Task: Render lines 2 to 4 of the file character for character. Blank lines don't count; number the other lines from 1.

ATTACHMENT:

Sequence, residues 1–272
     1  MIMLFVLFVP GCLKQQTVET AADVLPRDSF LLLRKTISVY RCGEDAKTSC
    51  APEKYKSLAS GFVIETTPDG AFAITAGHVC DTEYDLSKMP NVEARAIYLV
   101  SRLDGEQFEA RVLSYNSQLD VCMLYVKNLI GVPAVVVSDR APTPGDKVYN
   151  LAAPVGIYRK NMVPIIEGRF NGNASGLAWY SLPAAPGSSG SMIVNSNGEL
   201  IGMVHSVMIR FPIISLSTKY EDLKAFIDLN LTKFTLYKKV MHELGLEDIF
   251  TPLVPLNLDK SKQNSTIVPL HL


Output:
     1  MIMLFVLFVP GCLKQQTVET AADVLPRDSF LLLRKTISVY RCGEDAKTSC
    51  APEKYKSLAS GFVIETTPDG AFAITAGHVC DTEYDLSKMP NVEARAIYLV
   101  SRLDGEQFEA RVLSYNSQLD VCMLYVKNLI GVPAVVVSDR APTPGDKVYN